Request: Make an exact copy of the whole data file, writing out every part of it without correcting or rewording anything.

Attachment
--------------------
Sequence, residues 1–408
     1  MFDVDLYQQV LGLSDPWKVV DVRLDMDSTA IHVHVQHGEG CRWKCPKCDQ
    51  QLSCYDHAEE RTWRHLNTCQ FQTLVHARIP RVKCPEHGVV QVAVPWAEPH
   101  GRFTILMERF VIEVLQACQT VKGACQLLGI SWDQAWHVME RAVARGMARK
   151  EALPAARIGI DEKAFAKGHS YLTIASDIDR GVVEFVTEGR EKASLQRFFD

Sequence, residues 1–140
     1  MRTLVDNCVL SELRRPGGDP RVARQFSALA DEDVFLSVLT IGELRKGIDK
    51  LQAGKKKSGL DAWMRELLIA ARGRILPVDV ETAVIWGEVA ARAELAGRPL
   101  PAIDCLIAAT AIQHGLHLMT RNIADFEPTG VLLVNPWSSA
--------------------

Sequence, residues 1–408
     1  MFDVDLYQQV LGLSDPWKVV DVRLDMDSTA IHVHVQHGEG CRWKCPKCDQ
    51  QLSCYDHAEE RTWRHLNTCQ FQTLVHARIP RVKCPEHGVV QVAVPWAEPH
   101  GRFTILMERF VIEVLQACQT VKGACQLLGI SWDQAWHVME RAVARGMARK
   151  EALPAARIGI DEKAFAKGHS YLTIASDIDR GVVEFVTEGR EKASLQRFFD

Sequence, residues 1–140
     1  MRTLVDNCVL SELRRPGGDP RVARQFSALA DEDVFLSVLT IGELRKGIDK
    51  LQAGKKKSGL DAWMRELLIA ARGRILPVDV ETAVIWGEVA ARAELAGRPL
   101  PAIDCLIAAT AIQHGLHLMT RNIADFEPTG VLLVNPWSSA